“Twitch has built a platform that brings together tens of millions of people who watch billions of minutes of games each month– from The International, to breaking the world record for Mario, to gaming conferences like E3,” said Amazon CEO Jeff Bezos in a press release. “Like Twitch, we obsess over customers and like to think differently, and we look forward to learning from them and helping them move even faster to build new services for the gaming community.”
Neither Twitch nor Google ever publicly confirmed that it was in acquisition talks, but various publications confirmed the deal was pretty much sealed last month. Monday’s reports suggest that was far from the case, as Amazon looks to add to a growing media empire that it’s established with several online television shows and a set-top content streaming box, Fire TV, launched in April.
Bloomberg’s Adam Santariano and Brad Stone talked about the value the combination could bring to consumers:
As Amazon competes for customers’ attention, the programming adds value to the company’s Prime membership and various devices, according to James McQuivey, an analyst at Forrester Research Inc.
“All of these become that much more valuable when they are populated with Amazon content, whether it’s Amazon TV shows, or live streams of somebody else playing a video game on Twitch,” said McQuivey. “Every minute that you’re involved in an Amazon-led experience is a minute you’re not at Walmart or not with Apple or Google.”
Twitch users watch and share clips of video gameplay, both for entertainment and to learn new ways to advance in a game. Video-game publishers have built the capability to share clips to Twitch directly into their products. Frequent user engagement is why Twitch is valued so highly, potentially giving Amazon opportunities to sell advertising and to steer shoppers to its online store, McQuivey said.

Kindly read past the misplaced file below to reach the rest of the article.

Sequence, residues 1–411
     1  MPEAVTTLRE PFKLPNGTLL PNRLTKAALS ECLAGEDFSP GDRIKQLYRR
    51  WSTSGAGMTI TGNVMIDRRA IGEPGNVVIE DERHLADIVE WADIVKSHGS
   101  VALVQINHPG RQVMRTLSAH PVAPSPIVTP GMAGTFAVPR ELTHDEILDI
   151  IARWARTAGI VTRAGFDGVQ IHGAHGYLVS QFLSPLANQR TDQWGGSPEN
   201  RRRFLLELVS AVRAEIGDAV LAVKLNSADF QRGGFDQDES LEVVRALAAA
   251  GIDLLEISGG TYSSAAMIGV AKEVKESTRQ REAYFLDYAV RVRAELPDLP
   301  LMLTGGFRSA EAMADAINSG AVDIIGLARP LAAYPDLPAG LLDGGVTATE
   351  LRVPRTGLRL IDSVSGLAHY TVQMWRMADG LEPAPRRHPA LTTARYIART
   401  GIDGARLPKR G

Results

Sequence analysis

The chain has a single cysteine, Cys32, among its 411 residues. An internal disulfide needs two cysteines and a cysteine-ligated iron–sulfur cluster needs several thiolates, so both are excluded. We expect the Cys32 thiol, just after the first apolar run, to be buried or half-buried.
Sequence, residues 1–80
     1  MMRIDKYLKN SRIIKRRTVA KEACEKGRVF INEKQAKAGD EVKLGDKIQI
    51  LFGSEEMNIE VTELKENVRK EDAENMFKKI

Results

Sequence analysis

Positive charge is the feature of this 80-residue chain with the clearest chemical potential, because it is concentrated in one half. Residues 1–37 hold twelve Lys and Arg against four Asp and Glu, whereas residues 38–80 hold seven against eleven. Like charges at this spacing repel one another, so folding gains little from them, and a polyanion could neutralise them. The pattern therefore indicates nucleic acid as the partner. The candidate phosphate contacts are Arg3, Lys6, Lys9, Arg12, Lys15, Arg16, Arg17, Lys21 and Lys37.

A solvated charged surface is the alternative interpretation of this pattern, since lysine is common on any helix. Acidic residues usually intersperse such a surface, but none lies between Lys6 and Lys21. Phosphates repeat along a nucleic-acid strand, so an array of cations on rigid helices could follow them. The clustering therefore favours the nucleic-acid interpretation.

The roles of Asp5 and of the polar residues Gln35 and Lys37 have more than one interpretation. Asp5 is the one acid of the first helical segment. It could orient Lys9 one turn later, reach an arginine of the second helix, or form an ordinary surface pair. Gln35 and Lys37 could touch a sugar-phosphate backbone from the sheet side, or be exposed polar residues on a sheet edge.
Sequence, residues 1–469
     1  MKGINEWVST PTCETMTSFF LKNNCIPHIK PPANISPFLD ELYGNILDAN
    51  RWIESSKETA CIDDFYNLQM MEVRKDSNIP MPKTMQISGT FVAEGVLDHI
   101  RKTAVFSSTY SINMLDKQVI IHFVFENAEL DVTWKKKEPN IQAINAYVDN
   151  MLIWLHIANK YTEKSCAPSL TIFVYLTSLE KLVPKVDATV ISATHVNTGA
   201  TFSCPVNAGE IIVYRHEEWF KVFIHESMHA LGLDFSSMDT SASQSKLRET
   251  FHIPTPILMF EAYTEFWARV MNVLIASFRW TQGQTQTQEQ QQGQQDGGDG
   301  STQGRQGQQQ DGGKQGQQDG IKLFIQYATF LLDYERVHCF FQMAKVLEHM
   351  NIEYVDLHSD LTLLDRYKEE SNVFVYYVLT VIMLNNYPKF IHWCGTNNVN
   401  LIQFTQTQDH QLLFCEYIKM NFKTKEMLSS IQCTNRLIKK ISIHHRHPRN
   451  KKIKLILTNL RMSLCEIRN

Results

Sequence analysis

CNET reported in a story by Donna Tam that Amazon still has some work to do in the gaming space:
Gaming is not an area where Amazon has made a lot of progress. Although it launched its Amazon Game Studios two years ago, it has sparse offerings. But, the retailer clearly wants a piece of the video game market. When it unveiled its media-streaming device Fire TV in April, it also rolled out an optional controller for video game play.
Twitch, launched in June 2011 by Justin.tv co-founders Justin Kan and Emmett Shear, made headlines this year for the live streams of a crowdsourced game of Pokemon and goldfish playing classic video games. Videos on the site can also be streamed on Microsoft Xbox and PlayStation 4 game consoles. In the last year, one of Twitch’s biggest catalysts for growth was its inclusion in the two devices.
“Amazon and Twitch optimize for our customers first and are both believers in the future of gaming,” Shear said in a statement. “Being part of Amazon will let us do even more for our community. We will be able to create tools and services faster than we could have independently. This change will mean great things for our community, and will let us bring Twitch to even more people around the world.”
The best part of this deal for Amazon is that it’s getting more information and data about another subset of people. Now the company is moving to get the attention of other types of consumers and strengthen its grip on those who already turn to the site. It’s a smart move — one that isn’t likely to pay-off immediately, but could be highly lucrative in the years to come.